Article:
A:    Yes but call us immediately.  If this issue is handled properly, you can receive the proper medical care and in some instances, the wage benefits as well.  However, you can easily be deprived of all benefits by failing to proceed VERY carefully.  We are experienced at representing undocumented workers.  

Q:   Can I choose my own treating doctor?

A:   No.  Unfortunately, the law generally gives choice of medical provider to the insurance carrier. An injured worker is always entitled to one change of treating doctor during their claim although this doctor will likely also be of the carrier’ choosing.  You do additionally have a chance to select an expert of your own choosing for a one-time expert opinion, however the carrier in most cases does not have to pay for this visit.  It must be done properly, however, so call us to find out more and before taking any action on your own. 

Q:   Is it possible to settle a workers' compensation case for cash?

A:   Absolutely.   Many people choose to pursue settlement of their workers’ compensation claims.  Although you do not have a right to settle, you also cannot be forced to settle against your wishes and we can explain to you whether a settlement is in your best interests.  Settlements are negotiated by your attorney and since our fees are a percentage of your settlement, you can be sure that we will seek the best offer possible. 

Q:   Are all types of injuries and diseases covered by workers’ compensation law?

A:   Yes, with one exception.  Purely mental or nervous injuries are not covered by workers’ compensation law unless they are related to a physical injury.  ALL other types of injuries and diseases are covered as long as your employment was the primary cause, which is frequently disputed by employers and insurance carriers.

Q:   Should I contact a workers’ compensation attorney before settling another case related to my injury, such as a personal injury case?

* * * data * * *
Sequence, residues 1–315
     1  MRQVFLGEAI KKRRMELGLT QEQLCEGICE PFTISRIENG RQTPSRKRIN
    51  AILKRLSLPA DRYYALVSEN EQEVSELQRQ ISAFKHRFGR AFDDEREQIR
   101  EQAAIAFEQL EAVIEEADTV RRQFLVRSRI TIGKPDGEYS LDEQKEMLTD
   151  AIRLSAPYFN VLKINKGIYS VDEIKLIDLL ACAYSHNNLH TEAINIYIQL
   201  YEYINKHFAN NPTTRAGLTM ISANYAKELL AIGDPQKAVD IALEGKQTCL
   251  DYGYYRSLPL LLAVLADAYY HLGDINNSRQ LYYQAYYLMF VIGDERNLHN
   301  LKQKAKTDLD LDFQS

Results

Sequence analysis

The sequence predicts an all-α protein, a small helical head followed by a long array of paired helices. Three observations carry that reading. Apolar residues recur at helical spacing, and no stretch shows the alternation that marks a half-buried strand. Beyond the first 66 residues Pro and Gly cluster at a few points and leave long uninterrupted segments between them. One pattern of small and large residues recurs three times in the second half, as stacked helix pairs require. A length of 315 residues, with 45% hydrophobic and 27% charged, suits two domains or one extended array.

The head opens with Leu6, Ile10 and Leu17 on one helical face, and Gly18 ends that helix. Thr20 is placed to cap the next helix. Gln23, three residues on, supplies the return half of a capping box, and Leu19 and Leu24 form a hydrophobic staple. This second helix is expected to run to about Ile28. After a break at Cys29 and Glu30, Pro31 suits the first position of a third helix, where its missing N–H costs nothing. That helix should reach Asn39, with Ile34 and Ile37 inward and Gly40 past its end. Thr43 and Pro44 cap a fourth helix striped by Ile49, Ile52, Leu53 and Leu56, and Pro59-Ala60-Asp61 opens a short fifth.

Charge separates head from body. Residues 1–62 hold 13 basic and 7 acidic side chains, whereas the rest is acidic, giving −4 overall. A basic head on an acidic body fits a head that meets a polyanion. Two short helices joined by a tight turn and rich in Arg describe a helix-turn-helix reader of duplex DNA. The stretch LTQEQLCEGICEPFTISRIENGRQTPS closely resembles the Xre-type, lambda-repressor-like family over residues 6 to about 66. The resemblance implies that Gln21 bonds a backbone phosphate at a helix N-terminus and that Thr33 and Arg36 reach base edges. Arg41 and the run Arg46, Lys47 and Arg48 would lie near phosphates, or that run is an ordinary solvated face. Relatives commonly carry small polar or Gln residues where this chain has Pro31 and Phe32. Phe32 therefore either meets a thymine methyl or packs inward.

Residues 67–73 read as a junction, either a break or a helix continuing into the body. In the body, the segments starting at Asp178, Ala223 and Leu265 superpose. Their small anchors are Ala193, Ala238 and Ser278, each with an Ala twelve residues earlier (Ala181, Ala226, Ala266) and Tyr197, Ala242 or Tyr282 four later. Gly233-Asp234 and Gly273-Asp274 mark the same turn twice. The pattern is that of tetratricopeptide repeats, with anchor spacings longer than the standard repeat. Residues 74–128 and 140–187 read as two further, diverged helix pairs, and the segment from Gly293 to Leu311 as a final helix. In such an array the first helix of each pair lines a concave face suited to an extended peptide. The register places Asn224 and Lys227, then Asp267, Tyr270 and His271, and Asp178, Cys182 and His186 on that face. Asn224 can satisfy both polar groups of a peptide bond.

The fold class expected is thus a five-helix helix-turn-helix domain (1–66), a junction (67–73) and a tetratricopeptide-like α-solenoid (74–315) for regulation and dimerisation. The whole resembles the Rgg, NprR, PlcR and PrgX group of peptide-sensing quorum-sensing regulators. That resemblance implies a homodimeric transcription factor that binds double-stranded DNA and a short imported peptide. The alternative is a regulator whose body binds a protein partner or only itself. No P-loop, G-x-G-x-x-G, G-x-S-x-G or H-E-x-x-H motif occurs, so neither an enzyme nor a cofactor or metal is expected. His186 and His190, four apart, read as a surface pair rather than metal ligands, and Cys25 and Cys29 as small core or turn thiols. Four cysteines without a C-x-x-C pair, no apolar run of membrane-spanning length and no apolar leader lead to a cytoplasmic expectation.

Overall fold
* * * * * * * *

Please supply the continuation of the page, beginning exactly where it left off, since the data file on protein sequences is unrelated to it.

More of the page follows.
A:   Yes!  When you have a work related accident or injury, and another party or person was partially or wholly responsible for your injury, then in essence you have two claims from one injury, a workers’ compensation case and a lawsuit against someone other than your employer. If you have a third-party claim for the work accident, then call us as the workers’ compensation carrier will retain a lien on that case for any medical and wage benefits which have been paid in relation to your work injury.  Our firm has been very successful in getting this lien reduced and in some cases even waived.

Q:   Are there any programs which assist me in returning to gainful employment?

A:   If you find it difficult returning to the workforce because your previous skills were rendered permanently useless by the limitations caused by your work injury, there are state vocational rehabilitation programs available and in some instances, the employer or insurance carrier may have to pay you wage benefits in the event that you qualify for retraining. 

Q:   How do the fees work / will I ever have to pay attorney fees out of my pocket?

A:    Not with this office.  Here, you will never pay one cent out of your pocket for fees as long as we represent you  and you will never receive a bill from us for fees.  We understand how devastating injuries can be and how tough the times are out there.  Hiring an attorney should ease your burdens and not add to them. 

If we sue the carrier and are successful, they pay the fee for any benefits resulting from those efforts.    We get paid a percentage of your settlement when your case settles and we are entitled to claim a fee for benefits that were obtained during the time that we represented you.   These fees are dealt with at the time of settlement.   Any fees paid MUST be approved by the Judge of Compensation Claims in advance.